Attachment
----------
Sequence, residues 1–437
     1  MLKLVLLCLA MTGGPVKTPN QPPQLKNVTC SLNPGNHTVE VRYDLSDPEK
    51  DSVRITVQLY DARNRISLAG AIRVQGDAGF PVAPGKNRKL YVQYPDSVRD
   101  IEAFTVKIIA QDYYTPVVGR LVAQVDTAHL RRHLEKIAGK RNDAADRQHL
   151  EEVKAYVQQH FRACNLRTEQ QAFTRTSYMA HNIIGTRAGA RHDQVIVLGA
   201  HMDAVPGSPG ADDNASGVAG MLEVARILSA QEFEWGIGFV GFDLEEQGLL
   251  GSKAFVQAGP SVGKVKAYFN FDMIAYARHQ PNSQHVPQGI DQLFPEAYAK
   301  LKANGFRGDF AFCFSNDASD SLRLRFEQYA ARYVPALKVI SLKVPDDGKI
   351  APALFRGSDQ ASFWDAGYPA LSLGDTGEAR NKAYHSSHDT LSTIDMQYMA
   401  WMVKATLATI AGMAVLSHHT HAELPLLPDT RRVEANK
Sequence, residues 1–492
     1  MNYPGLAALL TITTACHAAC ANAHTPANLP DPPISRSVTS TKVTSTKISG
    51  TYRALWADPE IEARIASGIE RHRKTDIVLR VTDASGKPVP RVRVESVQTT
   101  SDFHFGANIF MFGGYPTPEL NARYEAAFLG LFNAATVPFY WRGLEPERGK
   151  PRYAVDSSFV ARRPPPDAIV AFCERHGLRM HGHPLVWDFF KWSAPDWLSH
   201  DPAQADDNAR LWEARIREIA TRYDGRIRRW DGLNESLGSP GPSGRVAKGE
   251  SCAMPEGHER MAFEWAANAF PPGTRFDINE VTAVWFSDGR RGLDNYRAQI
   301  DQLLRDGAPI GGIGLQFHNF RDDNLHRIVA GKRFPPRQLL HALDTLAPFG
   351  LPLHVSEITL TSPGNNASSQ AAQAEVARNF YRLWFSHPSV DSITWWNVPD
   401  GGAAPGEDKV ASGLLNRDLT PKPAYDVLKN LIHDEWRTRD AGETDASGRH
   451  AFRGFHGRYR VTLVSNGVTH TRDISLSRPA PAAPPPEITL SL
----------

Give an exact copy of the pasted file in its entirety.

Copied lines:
Sequence, residues 1–437
     1  MLKLVLLCLA MTGGPVKTPN QPPQLKNVTC SLNPGNHTVE VRYDLSDPEK
    51  DSVRITVQLY DARNRISLAG AIRVQGDAGF PVAPGKNRKL YVQYPDSVRD
   101  IEAFTVKIIA QDYYTPVVGR LVAQVDTAHL RRHLEKIAGK RNDAADRQHL
   151  EEVKAYVQQH FRACNLRTEQ QAFTRTSYMA HNIIGTRAGA RHDQVIVLGA
   201  HMDAVPGSPG ADDNASGVAG MLEVARILSA QEFEWGIGFV GFDLEEQGLL
   251  GSKAFVQAGP SVGKVKAYFN FDMIAYARHQ PNSQHVPQGI DQLFPEAYAK
   301  LKANGFRGDF AFCFSNDASD SLRLRFEQYA ARYVPALKVI SLKVPDDGKI
   351  APALFRGSDQ ASFWDAGYPA LSLGDTGEAR NKAYHSSHDT LSTIDMQYMA
   401  WMVKATLATI AGMAVLSHHT HAELPLLPDT RRVEANK
Sequence, residues 1–492
     1  MNYPGLAALL TITTACHAAC ANAHTPANLP DPPISRSVTS TKVTSTKISG
    51  TYRALWADPE IEARIASGIE RHRKTDIVLR VTDASGKPVP RVRVESVQTT
   101  SDFHFGANIF MFGGYPTPEL NARYEAAFLG LFNAATVPFY WRGLEPERGK
   151  PRYAVDSSFV ARRPPPDAIV AFCERHGLRM HGHPLVWDFF KWSAPDWLSH
   201  DPAQADDNAR LWEARIREIA TRYDGRIRRW DGLNESLGSP GPSGRVAKGE
   251  SCAMPEGHER MAFEWAANAF PPGTRFDINE VTAVWFSDGR RGLDNYRAQI
   301  DQLLRDGAPI GGIGLQFHNF RDDNLHRIVA GKRFPPRQLL HALDTLAPFG
   351  LPLHVSEITL TSPGNNASSQ AAQAEVARNF YRLWFSHPSV DSITWWNVPD
   401  GGAAPGEDKV ASGLLNRDLT PKPAYDVLKN LIHDEWRTRD AGETDASGRH
   451  AFRGFHGRYR VTLVSNGVTH TRDISLSRPA PAAPPPEITL SL